Publicity Notes for Authors
Four Views on How to Promote Your Book
A version of this article appeared in the American Association of Journalists and Authors Journal (October 1999)
Let’s face it, promoting your book isn’t what you had in mind when the Muse started that scratching noise in the back of your brain. When I was faced with this prospect of jumping into that phone booth, and then leaping out as "Super Promo Woman," when my book, How to Write It a Complete Guide to Everything You’ll Ever Write, was published, I immediately got a bad case of indigestion.
So, when I heard that ASJA (American Society of Journalists and Authors, Inc.) covered this very topic in the annual conference last spring, I eagerly bought the audio tape of the session. Here are some of the highlights. (A version of this diatribe appeared in the ASJA Newsletter, October issue.)
Dan Greenberg must be a candidate for the author with the most book tour horror tales. Greenberg, the best selling author of 34 books including How to Be a Jewish Mother and How to Make Yourself Miserable, once showed up at midnight in an icy, pouring rain for an appearance on a talk show. The address was in Atlanta’s warehouse district, and he found that not only could he not get into the radio station building where he was scheduled to be an on-air guest, but the show on which he thought he would be pitching his book did not even exist!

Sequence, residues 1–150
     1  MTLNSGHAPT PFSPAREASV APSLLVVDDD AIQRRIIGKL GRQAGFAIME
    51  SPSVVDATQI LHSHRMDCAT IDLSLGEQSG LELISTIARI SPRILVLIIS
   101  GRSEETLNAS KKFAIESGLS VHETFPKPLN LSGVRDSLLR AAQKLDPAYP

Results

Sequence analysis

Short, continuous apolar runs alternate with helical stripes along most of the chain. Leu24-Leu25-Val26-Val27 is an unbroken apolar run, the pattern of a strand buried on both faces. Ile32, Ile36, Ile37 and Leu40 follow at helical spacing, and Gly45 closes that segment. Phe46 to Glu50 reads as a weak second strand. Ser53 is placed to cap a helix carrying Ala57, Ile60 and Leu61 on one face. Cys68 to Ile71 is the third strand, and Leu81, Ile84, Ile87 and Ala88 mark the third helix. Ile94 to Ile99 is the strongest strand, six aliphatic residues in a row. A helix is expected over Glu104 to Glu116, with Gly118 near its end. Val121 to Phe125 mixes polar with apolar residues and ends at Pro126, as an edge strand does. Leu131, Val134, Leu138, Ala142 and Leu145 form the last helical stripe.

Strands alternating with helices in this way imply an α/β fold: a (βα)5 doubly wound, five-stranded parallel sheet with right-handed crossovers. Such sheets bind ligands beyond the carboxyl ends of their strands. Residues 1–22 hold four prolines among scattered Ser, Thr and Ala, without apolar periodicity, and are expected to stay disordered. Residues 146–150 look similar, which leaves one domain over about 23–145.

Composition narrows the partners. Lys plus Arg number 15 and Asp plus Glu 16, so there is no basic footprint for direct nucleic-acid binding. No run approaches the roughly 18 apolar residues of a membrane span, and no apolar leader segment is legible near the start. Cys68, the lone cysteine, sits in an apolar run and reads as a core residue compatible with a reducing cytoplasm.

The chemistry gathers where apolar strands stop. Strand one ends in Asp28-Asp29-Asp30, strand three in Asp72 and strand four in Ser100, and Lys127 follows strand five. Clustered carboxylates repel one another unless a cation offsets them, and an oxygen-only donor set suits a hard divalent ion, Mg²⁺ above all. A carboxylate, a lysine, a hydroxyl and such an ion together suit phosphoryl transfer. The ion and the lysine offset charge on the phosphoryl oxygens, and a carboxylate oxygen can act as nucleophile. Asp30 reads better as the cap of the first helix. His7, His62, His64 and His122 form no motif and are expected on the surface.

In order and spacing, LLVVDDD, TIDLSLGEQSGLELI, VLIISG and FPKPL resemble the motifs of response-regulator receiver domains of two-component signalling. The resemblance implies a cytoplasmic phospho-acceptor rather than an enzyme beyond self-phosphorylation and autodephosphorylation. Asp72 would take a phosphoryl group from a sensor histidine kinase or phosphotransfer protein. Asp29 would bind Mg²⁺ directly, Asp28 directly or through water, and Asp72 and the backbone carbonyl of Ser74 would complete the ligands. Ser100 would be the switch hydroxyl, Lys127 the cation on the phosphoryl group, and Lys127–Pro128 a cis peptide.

Of course, promoting your book is not always that trying, as Greenberg and three other panelists pointed out. The other panelists were: Margaret A. Durante, Director of Publicity at MacMillan; Daylle Deanna Schwartz, author of The Real Deal: How to Get Signed to a Record Label From A to Z and All Men are Jerks Until Proven Otherwise; and Barbara Monteiro, president of Monteiro & Company.